Court of Appeal Clarifies Proper Forum in Multi-Party Conspiracy Claims – Littleton Chambers

Posted December 4th, 2019 in choice of forum, conspiracy, jurisdiction, news by sally

‘On 26 November 2019, the Court of Appeal gave judgment in ED&F Man Capital Markets Ltd v Straits (Singapore) Pte Limited [2019] EWCA Civ 2073. It clarifies when England will be the proper forum in multi-party conspiracy claims against defendants based in different jurisdictions. It contains a useful analysis of the recent Supreme Court judgment in Vedanta Resources plc v Lungowe [2019] UKSC 20, [2019] 2 WLR 1051.’

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Littleton Chambers, 27th November 2019

Source: www.littletonchambers.com

Child abduction—use of the 1996 Hague Convention as opposed to the inherent jurisdiction (Re I-L (children) (1996 Hague Child Protection Convention—inherent jurisdiction) – 1 GC: Family Law

Posted December 2nd, 2019 in child abduction, conflict of laws, jurisdiction, news, treaties by sally

‘In Re I-L (children) the Court of Appeal allowed the father’s appeal and held that where the 1996 Hague Convention applies between two countries, if a 1980 Hague Convention application is made and is not successful, the applicable jurisdictional provisions are those of the 1996 Hague Convention, particularly Art 11, and the inherent jurisdiction is not available to use. Eleri Jones, barrister at 1GC Family Law, who represented the appellant father, considers the implications.’

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1 GC: Family Law, 21st November 2019

Source: 1gc.com

High Court cannot stay liquidated company’s Magistrates’ Court case – OUT-LAW.com

Posted November 26th, 2019 in insolvency, jurisdiction, news, stay of proceedings by tracey

‘The High Court in England has ruled that it does not have the authority to stop a criminal trial in another court to protect the creditors of a company in voluntary liquidation.’

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OUT-LAW.com, 25th November 2019

Source: www.pinsentmasons.com

Princess Haya of Jordan and her husband Dubai ruler Sheik Mohammed Al Maktoum are before the High Court this week seeking rulings in relation to their children: Hilary Lennox explains the applications – 5SAH

Posted November 20th, 2019 in children, domestic violence, family courts, jurisdiction, news, wardship by sally

‘Princess Haya bint al-Hussein of Jordan attended court in July 2019 and made three applications before the High Court of England and Wales. A Forced Marriage Protection Order, Wardship orders in respect of their two children and a non-molestation order to protect her against domestic violence.’

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5SAH, 12th November 2019

Source: www.5sah.co.uk

Recent Changes to the Financial Ombudsman Service – Hardwicke Chambers

Posted November 20th, 2019 in financial regulation, jurisdiction, news, ombudsmen by sally

‘On 1 April 2019, the Financial Conduct Authority (FCA) enacted new rules that substantially expanded the jurisdiction of the Financial Ombudsman Service (FOS). Whereas previously it was limited to awarding complainants redress of £150k, that figure is now £350k. In addition, the categories of eligible complainant will now include not only individuals and ‘micro enterprises’ but also SMEs (small to medium enterprises) whose turnover is below £6.5m and who have either less than 50 employees or a balance sheet total of less than £5m.’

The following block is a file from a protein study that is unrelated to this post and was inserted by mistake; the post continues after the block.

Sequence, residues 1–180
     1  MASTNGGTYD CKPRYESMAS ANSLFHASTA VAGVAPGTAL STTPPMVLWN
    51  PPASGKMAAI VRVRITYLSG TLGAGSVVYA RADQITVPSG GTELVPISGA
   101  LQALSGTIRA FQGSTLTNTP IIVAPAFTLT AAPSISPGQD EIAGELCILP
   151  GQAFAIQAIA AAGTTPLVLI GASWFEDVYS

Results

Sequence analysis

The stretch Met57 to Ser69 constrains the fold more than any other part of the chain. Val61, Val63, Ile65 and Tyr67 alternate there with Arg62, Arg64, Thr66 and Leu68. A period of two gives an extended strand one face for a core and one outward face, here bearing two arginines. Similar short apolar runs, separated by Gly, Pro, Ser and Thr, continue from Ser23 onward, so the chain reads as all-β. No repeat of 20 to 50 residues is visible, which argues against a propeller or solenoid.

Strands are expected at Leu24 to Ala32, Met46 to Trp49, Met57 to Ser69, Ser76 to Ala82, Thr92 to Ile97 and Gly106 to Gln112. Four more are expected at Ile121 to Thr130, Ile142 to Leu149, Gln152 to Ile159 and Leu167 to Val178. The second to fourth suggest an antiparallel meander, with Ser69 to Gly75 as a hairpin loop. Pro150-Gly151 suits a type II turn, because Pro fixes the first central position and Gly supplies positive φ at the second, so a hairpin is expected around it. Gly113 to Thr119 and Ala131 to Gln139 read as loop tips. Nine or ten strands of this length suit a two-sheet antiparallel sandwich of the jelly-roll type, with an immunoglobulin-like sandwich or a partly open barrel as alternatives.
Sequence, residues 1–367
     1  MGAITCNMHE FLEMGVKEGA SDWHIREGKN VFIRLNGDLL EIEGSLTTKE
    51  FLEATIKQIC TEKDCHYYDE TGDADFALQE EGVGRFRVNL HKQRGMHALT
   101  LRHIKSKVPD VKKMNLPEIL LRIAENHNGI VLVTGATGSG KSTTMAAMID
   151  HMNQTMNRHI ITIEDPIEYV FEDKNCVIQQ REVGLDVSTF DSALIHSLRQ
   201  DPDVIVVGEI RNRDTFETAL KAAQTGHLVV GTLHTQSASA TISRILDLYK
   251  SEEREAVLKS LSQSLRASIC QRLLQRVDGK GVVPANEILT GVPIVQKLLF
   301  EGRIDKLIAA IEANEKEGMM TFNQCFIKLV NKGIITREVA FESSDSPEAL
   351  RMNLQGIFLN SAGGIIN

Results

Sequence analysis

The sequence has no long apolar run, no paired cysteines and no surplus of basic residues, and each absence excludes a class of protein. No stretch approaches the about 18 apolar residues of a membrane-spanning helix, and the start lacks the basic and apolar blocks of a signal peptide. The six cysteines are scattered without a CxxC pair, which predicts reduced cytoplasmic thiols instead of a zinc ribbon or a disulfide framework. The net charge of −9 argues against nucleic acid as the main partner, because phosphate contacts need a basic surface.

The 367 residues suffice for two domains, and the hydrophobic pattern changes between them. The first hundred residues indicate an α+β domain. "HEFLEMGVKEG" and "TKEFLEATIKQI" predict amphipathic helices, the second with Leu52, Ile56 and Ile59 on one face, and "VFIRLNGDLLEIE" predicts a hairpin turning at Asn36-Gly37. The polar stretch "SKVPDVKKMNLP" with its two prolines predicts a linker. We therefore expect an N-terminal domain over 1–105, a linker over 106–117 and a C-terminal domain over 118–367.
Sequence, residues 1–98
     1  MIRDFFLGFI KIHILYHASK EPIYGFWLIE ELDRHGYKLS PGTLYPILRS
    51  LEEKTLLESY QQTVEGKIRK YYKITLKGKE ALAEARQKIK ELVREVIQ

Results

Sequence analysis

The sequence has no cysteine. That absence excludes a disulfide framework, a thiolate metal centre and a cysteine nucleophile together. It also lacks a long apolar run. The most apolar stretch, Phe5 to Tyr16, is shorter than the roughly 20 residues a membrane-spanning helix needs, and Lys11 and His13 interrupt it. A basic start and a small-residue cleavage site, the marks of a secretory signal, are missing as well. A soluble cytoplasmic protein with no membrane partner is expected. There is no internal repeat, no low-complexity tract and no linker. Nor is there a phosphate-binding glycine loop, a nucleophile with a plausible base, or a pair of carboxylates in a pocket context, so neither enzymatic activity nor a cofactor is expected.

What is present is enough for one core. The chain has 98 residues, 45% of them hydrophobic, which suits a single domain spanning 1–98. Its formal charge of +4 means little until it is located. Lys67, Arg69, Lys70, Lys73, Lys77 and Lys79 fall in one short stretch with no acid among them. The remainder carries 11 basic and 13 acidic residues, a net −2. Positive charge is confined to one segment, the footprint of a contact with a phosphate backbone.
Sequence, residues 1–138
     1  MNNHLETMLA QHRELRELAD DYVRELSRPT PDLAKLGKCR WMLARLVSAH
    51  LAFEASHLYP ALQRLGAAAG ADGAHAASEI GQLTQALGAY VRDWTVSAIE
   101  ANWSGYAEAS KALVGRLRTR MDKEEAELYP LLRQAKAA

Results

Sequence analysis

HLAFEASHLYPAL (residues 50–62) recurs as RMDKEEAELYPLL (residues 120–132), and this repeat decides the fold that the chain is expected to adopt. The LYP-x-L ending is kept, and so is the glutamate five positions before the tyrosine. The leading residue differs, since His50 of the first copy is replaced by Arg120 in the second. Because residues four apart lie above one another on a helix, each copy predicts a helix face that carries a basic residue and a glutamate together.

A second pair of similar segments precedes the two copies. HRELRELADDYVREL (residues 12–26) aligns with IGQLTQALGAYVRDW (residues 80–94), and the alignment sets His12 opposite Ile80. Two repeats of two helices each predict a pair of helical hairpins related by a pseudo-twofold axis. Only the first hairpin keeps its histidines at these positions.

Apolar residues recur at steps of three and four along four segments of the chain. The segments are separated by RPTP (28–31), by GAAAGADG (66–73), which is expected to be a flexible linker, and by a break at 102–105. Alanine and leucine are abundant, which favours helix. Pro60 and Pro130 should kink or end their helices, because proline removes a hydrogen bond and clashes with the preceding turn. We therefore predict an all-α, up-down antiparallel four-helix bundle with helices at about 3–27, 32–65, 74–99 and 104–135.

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Hardwicke Chambers, 13th November 2019

Source: hardwicke.co.uk

Digital assets “are property” under English law – Legal Futures

Posted November 19th, 2019 in consultations, contracts, electronic commerce, jurisdiction, news by sally

‘Blockchain and smart contracts were given a major boost towards becoming a standard method for securely storing and transferring cryptoassets yesterday, when the expert panel charged with giving the technology legal certainty decided they should be treated in principal as property.’

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Legal Futures, 19th November 2019

Source: www.legalfutures.co.uk

Judge allows inter-country adoption to proceed despite failure to comply with pre-adoption requirements – Local Government Lawyer

Posted November 15th, 2019 in adoption, children, delay, families, immigration, jurisdiction, local government, news, visas by tracey

‘An application for an inter-country adoption should not fail because of inconsequential errors made by the intending adopter, a High Court Family Division judge has ruled.’

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Local Government Lawyer, 14th November 2019

Source: www.localgovernmentlawyer.co.uk

Appeal court allows contempt proceedings based on pre-action witness statements – Law Society’s Gazette

‘The Court of Appeal has allowed a holiday company to bring contempt proceedings against two holiday-makers based on statements made before proceedings were even issued.’

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Law Society's Gazette, 14th November 2019

Source: www.lawgazette.co.uk

Ten years on: how has the Supreme Court fared? – Counsel

‘An assessment of the court’s performance in decision-making delivered over its first ten years; and what bearing, if any, the Article 50 and Prorogation cases have on the big picture.’

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Counsel, November 2019

Source: www.counselmagazine.co.uk

EPA prosecutions and costs – Nearly Legal

‘This was a judicial review of a costs order made by Camberwell Green Magistrates on a settled Environmental Protection Act 1990 s.82 prosecution. The Magistrates had refused to state a case for the consideration of the High Court.’

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Nearly Legal, 31st October 2019

Source: nearlylegal.co.uk

New Judgment: In the matter of NY (A Child) [2019] UKSC 49 – UKSC Blog

Posted October 31st, 2019 in child abduction, jurisdiction, news, Supreme Court by sally